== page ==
Vascular Damage Caused by Hypertension

Hypertension (HTN), commonly known as high blood pressure, induces pathological changes throughout the cardiovascular system, particularly in the body’s arteries. One reason that arteries suffer a disproportionate amount of damage stems from the basic anatomy of the human circulatory system. The left ventricle of the heart generates far more contractile force than the heart’s other chambers. The arterial system constitutes the high pressure side of circulation; consequently, when the left ventricle ejects blood into the aorta, its walls are exposed to a surge of pressure with each heart beat. In chronically elevated blood pressure, the large arteries can accommodate the stronger pressure waves due to their thick walls; smaller arteries, however, undergo the pathological process known as atherosclerosis. More on that in a moment.

Years of research have revealed that the heart is only part of the story. It seems that the sympathetic nervous system, the kidneys, smooth muscle, and endothelial cells lining the blood vessels all contribute to the dysregulation of vascular tone culminating in hypertension. Surprisingly, the cause/s of 90% of HTN cases remain obscure. Risk factors include family history, obesity, smoking, and, in some cases, excessive sodium intake. Regardless of the etiology of HTN, its chronic effects are well understood.

Medium sized arteries: Atherosclerosis

These arteries seem to be the blood vessels most prone to developing atherosclerosis. In the popular press, this term is defined as “hardening of the arteries”, a largely accurate description. Basically, when arterial walls are subject to chronically elevated pressure, cells called fibroblasts proliferate within the intimal layer of the arterial wall, a process called intimal thickening. Comorbid conditions like high cholesterol and diabetes further accelerate atherosclerosis. Over time, the lumen of these vessels becomes progressively narrower, impairing blood flow in many parts of the body, such as the lower extremities as well as the coronary arteries supplying the heart muscle and the carotid arteries, which supply blood to the brain. Not surprisingly, this sets the stage for heart attacks and strokes, two of the leading causes of death in the Western world today. Poor circulation in the legs and feet is, of course, a set up for gangrene and amputation.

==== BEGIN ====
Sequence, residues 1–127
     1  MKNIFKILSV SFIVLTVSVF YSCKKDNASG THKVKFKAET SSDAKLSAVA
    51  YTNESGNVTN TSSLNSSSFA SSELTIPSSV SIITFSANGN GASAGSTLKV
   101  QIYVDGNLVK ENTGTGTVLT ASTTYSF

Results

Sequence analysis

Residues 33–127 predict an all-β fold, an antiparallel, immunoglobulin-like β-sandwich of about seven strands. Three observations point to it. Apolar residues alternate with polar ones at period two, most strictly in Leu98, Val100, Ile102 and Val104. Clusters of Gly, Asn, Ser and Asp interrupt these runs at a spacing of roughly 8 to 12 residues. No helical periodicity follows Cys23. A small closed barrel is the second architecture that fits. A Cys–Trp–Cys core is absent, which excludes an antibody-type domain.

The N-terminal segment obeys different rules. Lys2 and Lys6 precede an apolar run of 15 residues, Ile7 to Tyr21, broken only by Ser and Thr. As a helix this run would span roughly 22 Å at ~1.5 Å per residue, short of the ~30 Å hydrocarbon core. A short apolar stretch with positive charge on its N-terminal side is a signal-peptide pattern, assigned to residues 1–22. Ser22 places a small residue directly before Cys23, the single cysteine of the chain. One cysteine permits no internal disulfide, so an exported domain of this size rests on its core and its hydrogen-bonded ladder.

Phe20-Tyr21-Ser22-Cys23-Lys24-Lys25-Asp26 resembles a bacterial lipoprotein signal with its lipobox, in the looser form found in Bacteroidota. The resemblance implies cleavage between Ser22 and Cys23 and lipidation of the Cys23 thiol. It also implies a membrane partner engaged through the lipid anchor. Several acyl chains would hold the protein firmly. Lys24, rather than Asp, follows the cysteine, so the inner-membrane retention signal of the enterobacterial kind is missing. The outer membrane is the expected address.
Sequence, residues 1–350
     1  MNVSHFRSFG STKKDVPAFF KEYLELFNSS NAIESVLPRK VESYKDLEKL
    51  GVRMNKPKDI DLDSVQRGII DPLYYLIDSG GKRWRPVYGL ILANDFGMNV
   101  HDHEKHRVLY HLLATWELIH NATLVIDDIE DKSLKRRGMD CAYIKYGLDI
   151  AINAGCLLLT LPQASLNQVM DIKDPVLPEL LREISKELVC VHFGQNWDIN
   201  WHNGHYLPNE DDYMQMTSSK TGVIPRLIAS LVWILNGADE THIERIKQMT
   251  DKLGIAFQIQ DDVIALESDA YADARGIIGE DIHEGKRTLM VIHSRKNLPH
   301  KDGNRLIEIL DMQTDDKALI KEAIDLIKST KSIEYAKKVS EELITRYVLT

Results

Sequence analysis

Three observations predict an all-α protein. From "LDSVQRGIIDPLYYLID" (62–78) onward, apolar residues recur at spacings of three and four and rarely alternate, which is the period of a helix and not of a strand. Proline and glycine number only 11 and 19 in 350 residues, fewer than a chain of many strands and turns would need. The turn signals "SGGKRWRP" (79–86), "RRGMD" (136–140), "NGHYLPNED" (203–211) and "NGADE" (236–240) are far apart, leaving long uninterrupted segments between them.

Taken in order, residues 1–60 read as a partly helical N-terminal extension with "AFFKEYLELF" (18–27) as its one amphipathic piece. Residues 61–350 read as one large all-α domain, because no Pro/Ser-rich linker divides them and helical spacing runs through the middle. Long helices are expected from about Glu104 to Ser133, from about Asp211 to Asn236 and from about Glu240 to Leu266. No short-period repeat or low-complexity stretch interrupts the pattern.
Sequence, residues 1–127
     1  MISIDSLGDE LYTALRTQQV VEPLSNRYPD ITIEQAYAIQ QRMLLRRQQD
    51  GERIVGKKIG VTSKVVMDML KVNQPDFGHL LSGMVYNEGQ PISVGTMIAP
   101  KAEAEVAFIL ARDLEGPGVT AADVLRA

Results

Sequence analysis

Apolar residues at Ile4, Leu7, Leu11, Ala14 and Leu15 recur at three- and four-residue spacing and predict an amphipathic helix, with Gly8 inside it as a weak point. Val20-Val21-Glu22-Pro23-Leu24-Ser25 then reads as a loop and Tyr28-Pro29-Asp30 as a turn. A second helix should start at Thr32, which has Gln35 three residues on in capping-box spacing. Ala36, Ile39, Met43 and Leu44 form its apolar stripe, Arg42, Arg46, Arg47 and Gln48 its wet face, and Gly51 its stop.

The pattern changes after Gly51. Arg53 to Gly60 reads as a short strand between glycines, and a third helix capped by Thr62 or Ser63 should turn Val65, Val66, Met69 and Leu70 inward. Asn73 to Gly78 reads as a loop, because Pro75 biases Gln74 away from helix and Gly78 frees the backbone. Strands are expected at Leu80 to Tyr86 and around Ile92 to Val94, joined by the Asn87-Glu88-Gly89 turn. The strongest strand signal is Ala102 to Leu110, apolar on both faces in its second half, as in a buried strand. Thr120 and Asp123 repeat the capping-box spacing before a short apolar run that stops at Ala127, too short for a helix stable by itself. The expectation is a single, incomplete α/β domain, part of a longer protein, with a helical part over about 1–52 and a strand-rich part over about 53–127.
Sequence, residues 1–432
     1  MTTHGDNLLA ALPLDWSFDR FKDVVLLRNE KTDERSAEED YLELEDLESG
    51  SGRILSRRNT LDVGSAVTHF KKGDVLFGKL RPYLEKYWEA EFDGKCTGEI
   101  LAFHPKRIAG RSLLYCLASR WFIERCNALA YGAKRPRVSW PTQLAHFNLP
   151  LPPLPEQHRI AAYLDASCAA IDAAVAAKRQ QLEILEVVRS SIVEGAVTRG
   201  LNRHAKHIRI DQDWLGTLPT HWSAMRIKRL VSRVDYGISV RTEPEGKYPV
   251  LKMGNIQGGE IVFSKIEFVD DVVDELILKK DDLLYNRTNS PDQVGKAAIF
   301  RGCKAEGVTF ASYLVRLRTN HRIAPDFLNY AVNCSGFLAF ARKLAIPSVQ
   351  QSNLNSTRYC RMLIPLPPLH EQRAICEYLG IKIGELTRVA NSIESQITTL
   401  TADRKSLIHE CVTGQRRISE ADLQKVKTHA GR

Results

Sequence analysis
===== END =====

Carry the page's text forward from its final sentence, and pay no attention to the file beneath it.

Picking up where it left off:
Small arteries and capillaries: Retinal damage and Lacunar infarcts

Hypertensive damage to small vessels is observed most readily in the retina. Chronic HTN wreaks havoc on the retinal vessels. Ophthalmologists have coined descriptive terms for these pathological changes including cotton wool spots, copper wires, and proliferative retinopathy, most often seen in diabetics.

In addition to retinal damage and blindness, a second consequence of long standing HTN on small blood vessels is a phenomenon called lacunar infarcts. These can be thought of as microvascular ruptures or ministrokes, which often occur in a region of the brain called the basal ganglia. Lacunar infarcts can produce distinct motor deficits including expressive aphasia, or difficulty with motor control of speech.

Kidney damage – Chronic Kidney Disease

No discussion of HTN induced vascular damage would be complete without mentioning chronic kidney disease. Long standing HTN causes irreversible damage to the renal glomeruli. Over the course of several years, the protein network surrounding the glomerular blood vessels, called the basement membrane, becomes scarred with collagen and other fibrotic debris. The rate of blood filtration through the kidneys, called the glomerular filtration rate or GFR, declines as the nephrons gradually lose their ability to filter plasma into urine. Kidney failure ensues when 75% or so of the renal nephrons become non-functional.

Unfortunately, the kidneys respond to this decline in GFR by activating a protein called angiotensin. This protein raises blood pressure in three ways: 1) direct vasoconstriction; 2) production of the hormone aldosterone, which causes sodium retention; 3) activating hypothalamic neurons responsible for triggering the sensation of thirst. This creates a vicious cycle in which the failing kidneys hasten their own demise by continually raising arterial blood pressure. Ultimately, patients with chronic renal failure require dialysis or a kidney transplant to remain alive.